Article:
Chapter 1: Joy in Mysticism
THE soul which, after much striving and seeking, has touched the abundant fullness is flooded with joy; so the mystics tell us. "Joy, joy, joy, tears of joy!" ("Joie, joie, joie, pleurs de joie! ") cries Pascal at the moment of his decisive mystic experience. The soul feels itself possessed of immeasurable riches, it trembles with silent sighing or is swept away by "inward" jubilant "singing (88). For all that it deemed of worth hitherto is as nothing beside what it now experiences and knows (89), what now permeates it and dominates it with incomparable majesty, with overwhelming might and beauty. "Ο beauty that exceedest all beauty "—"Ο hermosura, que excedeis a todas las hermosuras’’ (90)! Ο pulchritudo tam antiqua et tam nova” (91)! The soul has touched the "wells of living water," has drunk eagerly of them (92), and received a new, eternal life.
Mystical Life and the Orthodox Faith
Mysticism cannot be defined, but in broad terms it is the religious experience of the individual who seeks a life of harmony, peace, and continuous communion with the Supreme Being. Introspection, contemplation, and solitude are prerequisites for the development of an inner religious experience. Constant prayer assures divine intervention, which illuminates the human soul. Divine grace and man's continuous quest assure revelation, or acquisition of divine presence. Mysticism is primarily a personal religious experience within the broad framework of the Church and tends to stress the individualistic approach of religion.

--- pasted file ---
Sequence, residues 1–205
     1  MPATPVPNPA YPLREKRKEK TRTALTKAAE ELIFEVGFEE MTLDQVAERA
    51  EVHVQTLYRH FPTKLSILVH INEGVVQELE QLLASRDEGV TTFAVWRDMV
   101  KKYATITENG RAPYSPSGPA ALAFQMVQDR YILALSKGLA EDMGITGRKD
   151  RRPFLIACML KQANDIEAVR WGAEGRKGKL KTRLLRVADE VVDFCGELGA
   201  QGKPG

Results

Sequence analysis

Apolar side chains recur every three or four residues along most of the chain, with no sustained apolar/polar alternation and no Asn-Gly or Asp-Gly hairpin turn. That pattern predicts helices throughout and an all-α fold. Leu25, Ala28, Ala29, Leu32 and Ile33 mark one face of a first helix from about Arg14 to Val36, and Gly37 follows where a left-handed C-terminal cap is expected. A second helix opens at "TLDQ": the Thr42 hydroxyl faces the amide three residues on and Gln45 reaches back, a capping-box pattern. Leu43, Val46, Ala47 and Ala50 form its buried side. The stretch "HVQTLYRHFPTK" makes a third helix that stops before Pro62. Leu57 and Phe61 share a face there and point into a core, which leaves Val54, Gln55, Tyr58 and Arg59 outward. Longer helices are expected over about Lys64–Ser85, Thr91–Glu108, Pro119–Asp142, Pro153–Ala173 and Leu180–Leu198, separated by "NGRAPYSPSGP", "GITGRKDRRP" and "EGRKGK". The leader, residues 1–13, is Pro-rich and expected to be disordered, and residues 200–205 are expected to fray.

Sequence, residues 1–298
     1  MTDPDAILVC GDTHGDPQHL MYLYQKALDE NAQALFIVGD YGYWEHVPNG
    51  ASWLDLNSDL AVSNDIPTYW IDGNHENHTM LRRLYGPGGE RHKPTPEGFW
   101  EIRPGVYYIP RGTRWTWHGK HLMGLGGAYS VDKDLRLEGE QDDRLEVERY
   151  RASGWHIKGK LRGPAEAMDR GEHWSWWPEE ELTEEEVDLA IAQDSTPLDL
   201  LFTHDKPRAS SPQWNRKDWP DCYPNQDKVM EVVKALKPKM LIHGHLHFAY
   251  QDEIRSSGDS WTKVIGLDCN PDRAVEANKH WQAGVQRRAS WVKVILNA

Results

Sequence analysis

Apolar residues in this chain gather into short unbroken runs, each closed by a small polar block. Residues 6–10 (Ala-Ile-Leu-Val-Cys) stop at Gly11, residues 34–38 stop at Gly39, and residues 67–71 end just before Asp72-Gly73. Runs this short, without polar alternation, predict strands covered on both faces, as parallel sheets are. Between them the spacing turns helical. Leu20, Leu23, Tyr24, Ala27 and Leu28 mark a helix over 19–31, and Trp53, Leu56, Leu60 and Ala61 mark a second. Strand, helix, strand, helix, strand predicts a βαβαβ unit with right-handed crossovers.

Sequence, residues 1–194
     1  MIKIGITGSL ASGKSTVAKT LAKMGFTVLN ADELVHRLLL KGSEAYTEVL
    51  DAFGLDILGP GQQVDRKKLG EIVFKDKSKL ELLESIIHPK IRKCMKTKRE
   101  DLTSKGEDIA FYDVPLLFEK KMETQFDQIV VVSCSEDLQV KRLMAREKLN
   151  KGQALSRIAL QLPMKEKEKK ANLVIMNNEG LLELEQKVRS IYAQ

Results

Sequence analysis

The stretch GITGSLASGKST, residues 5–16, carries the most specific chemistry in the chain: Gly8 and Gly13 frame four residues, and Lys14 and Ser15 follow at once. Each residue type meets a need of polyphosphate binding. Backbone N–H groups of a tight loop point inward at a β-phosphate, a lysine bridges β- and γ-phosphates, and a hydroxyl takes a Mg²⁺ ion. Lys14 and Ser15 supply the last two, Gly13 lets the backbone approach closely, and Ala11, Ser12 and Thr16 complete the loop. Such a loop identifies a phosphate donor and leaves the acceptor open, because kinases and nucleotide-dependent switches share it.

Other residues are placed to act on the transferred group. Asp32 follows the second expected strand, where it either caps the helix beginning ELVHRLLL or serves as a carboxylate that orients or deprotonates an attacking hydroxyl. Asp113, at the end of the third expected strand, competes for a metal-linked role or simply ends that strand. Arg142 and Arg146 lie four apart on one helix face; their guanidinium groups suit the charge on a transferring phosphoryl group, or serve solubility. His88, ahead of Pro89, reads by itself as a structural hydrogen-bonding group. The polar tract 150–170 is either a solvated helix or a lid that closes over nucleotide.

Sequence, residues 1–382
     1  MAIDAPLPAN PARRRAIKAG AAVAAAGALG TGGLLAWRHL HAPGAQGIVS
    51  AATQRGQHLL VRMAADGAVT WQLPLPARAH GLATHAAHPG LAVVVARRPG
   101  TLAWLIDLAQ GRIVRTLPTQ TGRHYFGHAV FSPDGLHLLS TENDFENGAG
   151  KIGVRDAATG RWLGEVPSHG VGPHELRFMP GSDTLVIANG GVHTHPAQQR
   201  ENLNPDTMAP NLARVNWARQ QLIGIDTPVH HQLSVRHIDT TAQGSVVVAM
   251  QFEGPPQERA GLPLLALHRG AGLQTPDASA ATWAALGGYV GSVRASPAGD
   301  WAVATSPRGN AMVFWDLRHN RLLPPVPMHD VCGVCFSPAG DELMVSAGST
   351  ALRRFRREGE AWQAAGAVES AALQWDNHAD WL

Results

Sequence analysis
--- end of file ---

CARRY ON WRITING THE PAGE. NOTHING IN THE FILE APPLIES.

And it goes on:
Distinction and Relationship in the Divine Hypostases
In Antioch and in its spiritual sphere of influence, all the familiar solutions had been tried and even proposed synodically to bridge the chasm separating the teaching of the First Ecumenical Council from the Arian heresy. These solutions were, of course, being offered to Arius, but were more or less diminishing the doctrine of Nicaea. Chrysostom who certainly knew these solutions, accepted the Homoousion of Nicaea, but was also familiar with the theology of the Cappadocians, at least in general. He particularly knew the distinction of the three divine Hypostases and the one nature in God. In fact, he was the first non-Cappadocian theologian to discern the absolute significance of this distinction, analyzing and applying it broadly. This is obvious from the manner by which he understood the teaching about the Holy Spirit after St. Athanasios, contributing himself to its broadening by presupposing the theology of the three distinct divine Hypostases.